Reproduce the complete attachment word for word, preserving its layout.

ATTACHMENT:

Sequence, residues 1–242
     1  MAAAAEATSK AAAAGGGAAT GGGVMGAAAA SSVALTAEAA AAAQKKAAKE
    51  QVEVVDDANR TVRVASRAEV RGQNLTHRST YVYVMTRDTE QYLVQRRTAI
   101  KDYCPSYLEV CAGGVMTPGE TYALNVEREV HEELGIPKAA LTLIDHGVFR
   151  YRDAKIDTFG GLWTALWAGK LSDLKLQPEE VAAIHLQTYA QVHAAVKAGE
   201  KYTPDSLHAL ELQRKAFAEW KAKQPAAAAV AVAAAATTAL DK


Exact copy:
Sequence, residues 1–242
     1  MAAAAEATSK AAAAGGGAAT GGGVMGAAAA SSVALTAEAA AAAQKKAAKE
    51  QVEVVDDANR TVRVASRAEV RGQNLTHRST YVYVMTRDTE QYLVQRRTAI
   101  KDYCPSYLEV CAGGVMTPGE TYALNVEREV HEELGIPKAA LTLIDHGVFR
   151  YRDAKIDTFG GLWTALWAGK LSDLKLQPEE VAAIHLQTYA QVHAAVKAGE
   201  KYTPDSLHAL ELQRKAFAEW KAKQPAAAAV AVAAAATTAL DK